Analysis Of John Steinbeck 's ' The Barn '

1043 WordsMay 4, 20165 Pages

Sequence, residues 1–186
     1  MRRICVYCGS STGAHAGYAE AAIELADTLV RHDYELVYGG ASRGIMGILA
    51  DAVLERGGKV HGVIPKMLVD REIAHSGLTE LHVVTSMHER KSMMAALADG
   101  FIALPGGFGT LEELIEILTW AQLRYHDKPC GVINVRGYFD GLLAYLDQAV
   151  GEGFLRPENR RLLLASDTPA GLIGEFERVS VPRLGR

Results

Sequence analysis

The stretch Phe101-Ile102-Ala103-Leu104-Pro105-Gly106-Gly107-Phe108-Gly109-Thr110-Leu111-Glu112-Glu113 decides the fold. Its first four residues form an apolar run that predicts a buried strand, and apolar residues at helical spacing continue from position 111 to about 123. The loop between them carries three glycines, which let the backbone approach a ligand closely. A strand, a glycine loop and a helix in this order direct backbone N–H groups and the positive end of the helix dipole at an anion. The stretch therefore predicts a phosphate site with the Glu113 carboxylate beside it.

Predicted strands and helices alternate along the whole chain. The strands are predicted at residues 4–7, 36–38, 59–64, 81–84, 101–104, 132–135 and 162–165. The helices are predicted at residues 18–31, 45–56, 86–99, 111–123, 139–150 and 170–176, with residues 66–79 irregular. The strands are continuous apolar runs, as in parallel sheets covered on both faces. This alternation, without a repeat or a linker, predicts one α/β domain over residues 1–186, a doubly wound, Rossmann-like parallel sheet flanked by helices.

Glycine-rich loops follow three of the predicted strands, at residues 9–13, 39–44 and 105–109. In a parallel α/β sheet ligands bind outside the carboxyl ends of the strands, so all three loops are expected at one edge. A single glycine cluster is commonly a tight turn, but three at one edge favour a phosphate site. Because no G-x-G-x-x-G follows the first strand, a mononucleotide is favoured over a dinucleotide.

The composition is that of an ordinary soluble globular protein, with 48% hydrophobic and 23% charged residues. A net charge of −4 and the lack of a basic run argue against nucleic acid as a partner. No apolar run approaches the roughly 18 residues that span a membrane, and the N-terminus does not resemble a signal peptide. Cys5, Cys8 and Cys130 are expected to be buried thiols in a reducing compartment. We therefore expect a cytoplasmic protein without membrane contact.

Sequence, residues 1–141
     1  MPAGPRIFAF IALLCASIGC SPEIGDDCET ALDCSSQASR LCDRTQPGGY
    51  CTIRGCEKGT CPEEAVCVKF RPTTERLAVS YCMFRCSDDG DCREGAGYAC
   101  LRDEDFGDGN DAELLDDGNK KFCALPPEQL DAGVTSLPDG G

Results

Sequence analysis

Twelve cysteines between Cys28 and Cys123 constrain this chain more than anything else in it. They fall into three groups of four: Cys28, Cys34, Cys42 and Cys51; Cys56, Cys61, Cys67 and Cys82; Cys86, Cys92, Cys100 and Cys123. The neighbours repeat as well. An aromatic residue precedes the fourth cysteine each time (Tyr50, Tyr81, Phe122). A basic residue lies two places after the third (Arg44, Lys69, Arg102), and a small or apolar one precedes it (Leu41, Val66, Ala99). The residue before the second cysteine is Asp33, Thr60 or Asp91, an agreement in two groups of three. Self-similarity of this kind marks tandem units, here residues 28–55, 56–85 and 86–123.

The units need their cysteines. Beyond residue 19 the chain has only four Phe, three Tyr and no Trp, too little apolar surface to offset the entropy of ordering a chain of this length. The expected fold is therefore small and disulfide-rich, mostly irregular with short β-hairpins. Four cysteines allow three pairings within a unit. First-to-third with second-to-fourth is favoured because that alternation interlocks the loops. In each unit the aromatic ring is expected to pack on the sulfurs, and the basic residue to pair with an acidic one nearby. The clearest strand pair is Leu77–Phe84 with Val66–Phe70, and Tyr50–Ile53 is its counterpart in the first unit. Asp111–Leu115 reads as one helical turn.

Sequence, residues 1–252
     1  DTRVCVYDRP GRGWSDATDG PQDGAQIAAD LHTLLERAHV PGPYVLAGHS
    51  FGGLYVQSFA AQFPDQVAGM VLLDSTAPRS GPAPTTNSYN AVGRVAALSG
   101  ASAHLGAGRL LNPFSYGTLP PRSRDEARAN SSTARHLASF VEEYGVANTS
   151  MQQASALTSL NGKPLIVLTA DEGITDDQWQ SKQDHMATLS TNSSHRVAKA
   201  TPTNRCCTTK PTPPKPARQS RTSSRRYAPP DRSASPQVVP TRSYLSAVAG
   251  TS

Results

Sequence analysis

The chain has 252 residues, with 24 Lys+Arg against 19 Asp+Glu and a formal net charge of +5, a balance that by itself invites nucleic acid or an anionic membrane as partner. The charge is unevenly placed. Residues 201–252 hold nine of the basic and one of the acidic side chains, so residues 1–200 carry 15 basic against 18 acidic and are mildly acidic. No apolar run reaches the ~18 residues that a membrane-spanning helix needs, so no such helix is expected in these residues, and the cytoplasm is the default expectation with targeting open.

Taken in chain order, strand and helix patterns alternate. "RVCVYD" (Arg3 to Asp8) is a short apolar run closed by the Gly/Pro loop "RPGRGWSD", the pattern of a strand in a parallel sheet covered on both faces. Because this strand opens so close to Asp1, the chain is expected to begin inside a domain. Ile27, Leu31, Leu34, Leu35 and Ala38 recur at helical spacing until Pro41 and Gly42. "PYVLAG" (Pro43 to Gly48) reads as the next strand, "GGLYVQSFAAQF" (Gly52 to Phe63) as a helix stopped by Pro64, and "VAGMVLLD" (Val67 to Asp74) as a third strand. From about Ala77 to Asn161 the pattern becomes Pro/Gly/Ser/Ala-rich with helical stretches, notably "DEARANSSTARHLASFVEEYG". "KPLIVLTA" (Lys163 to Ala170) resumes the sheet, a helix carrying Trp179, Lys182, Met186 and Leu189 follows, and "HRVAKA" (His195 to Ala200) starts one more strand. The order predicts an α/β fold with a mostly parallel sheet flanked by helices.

The point of view given to the narrator by the author, John Steinbeck, is third person omniscient and objective. This means the narrator knows everything about the characters within the story and the plot itself. This novel’s setting starts off during the Great Depression of the 1930’s then continues to the major setting of the novel. The first setting starts at the side of a stream, near by the Salinas River, a few miles south outside of Soledad, California. The major setting is set on a ranch where there aren’t a lot of migrant workers for it being the time of the Great Depression and unemployment was at the highest it has ever been in the United States. The spot is very isolated and lonely, which only includes the main ranch house, the bunkhouse for the workers, the barn where a bad incident happens causing the climax of the novel, and a harness room. The novels protagonist, George Milton travels to find work with his cousin Lennie. George has very big dreams about owning his own ranch one day but with his cousin Lennie being mentally unstable it is very hard for him to do that. George is caring, compassionate, and understanding to the point that he took on the responsibility of his cousin Lennie. Even though Lennie causes all the problems in the novel, George is intelligent enough to solve them and Lennie also may be taller than George but George is still strong in many ways. In regard to the internal conflict, George feels responsible for Lennie. He made a
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